By Sonny Scott
It was a hot July day as a foot-weary group of teachers trudged down the city street. I heard one remark to another: “When the Revolution comes, the People can have my bank account, my car, etc., but I do hope they’ll allow me to keep my shower!”
I chuckled to myself. “Sure,” I thought. “When the balloon goes up, one of those guys will be at a baseball game, and the other in a bar.”
Those of us schooled in the humanities in the ’60s were inured to talk of “Revolution” – as evangelicals were to the “Rapture,” and neo-Confederates were to “peaceful secession” from the Union. It was part of the self-gratification of our generation, and few took it seriously.
America is a conservative society – optimistic, aggressive, and perennially positive. And why not? After five centuries of plundering the riches of the New World with no guilt about the dispossessed aborigines, the mantle of world leadership fell on us when the European powers self-destructed. However repulsive we found the implications of scientific Darwinism, the implications of pseudo-scientific “Social Darwinism” stroked our collective ego, and we shouldered “The White Man’s Burden” of telling the world how to live.
Now, I’m not so sure.
I’m talking real revolution here – not the contest between ambitious colonials and Parliamentary conservatives (as in 1776), or forward-looking capitalists (who wanted labor to be a commodity like any other) and wannabe lords-of-the-manor (with their fantasies of an agrarian society on the order of Medieval England) in 1861. No, I’m talking a national “flash mob” – a frenzy of retribution and revenge of those excluded from the “American Feast” – those whose expectations have outrun the likelihood of fulfillment. I’m thinking class warfare, as in the French Revolution and its descendants.
Our underclasses have been fed on an unrelenting diet of consumerism and had its expectations jacked up by the rising living standards since World War II. We have spent mega-dollars on public schools and done our best to get the poor in them, even as the privileged quietly sent their own kids to better schools. Those impatient to get on with it and those with no self-direction and less parental direction ditched school at the first opportunity. Those with less imagination stayed the course – only to find hordes of graduates with devalued and meaningless diplomas and degrees contending for marginal jobs.
Many (most?) of these newly minted graduates with their new diplomas devalued by grade inflation and dumbing down of the curriculum are deeply in debt. While they pursue a series of jobs that promise more than they deliver, and garnishments for student loans and child support pile up, they notice those who ditched school for the streets flash wads of cash, drive flashy cars, and sport bling. Is it any wonder they wonder who made the wise choice?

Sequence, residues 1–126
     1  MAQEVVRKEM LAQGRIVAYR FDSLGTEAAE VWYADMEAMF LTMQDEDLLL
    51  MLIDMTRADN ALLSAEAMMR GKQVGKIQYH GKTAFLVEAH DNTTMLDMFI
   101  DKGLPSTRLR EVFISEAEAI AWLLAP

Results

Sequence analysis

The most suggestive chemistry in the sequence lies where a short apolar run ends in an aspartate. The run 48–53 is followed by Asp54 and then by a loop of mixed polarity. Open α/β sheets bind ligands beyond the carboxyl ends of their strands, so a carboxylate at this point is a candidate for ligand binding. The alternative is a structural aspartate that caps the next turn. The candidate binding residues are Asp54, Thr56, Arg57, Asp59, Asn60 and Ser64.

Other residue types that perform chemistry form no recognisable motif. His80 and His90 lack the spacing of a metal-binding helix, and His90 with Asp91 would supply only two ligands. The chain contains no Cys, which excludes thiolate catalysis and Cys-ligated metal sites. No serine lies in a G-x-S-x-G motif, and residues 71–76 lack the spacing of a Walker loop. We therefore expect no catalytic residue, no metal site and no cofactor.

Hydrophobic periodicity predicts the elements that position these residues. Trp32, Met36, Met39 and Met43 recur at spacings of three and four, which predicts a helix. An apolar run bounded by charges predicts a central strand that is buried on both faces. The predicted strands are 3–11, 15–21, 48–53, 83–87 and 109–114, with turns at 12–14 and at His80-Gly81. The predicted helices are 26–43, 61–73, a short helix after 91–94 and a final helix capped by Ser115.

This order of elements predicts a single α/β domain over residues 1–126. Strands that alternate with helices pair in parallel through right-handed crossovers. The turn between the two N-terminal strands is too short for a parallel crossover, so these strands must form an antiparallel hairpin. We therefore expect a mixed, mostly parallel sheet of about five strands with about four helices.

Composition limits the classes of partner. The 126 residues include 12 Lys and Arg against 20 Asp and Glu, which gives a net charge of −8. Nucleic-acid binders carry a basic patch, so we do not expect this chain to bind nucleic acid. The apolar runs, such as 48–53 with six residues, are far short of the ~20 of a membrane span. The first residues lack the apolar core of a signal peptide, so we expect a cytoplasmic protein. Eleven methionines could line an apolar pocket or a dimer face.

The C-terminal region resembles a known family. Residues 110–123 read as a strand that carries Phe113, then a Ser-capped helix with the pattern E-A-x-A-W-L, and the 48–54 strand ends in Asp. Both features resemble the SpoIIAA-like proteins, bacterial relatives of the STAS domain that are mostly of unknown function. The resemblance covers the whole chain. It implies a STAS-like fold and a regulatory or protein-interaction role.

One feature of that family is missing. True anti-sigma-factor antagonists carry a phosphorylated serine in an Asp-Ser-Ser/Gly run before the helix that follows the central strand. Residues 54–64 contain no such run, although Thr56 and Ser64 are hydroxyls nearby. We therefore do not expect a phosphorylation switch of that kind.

And then, there’s prison. It’s increasingly likely that our new yeoman has a first-degree relative who is a guest of the state. How long will it be before the public realizes that it cannot afford (nor is it morally acceptable) to confine every recalcitrant citizen behind the concertina wire?
When do we reach the “tipping point?”
History teaches us that revolution happens not when conditions are worst, but rather when expectations exceed the possibility of their realization. We have had times of desperate poverty and mal-distribution of wealth in this country, but there has always been hope of a better tomorrow.
Revolution? God forbid! History shows us that revolutions consume their children. As Howard Zinn observed in another context, “…victims themselves desperate and tainted with the culture that oppresses them, turn on other victims.”
When social rot, family disintegration, and violence were confined to the underclass, the middle class were not concerned. Now that social pathologies threaten the McMansions on the cul-de-sac and in the gated communities, will we realize that the chickens are coming home to roost, and alter our behavior?
SONNY SCOTT is a Chickasaw County resident and a community columnist. Contact him at email@example.com.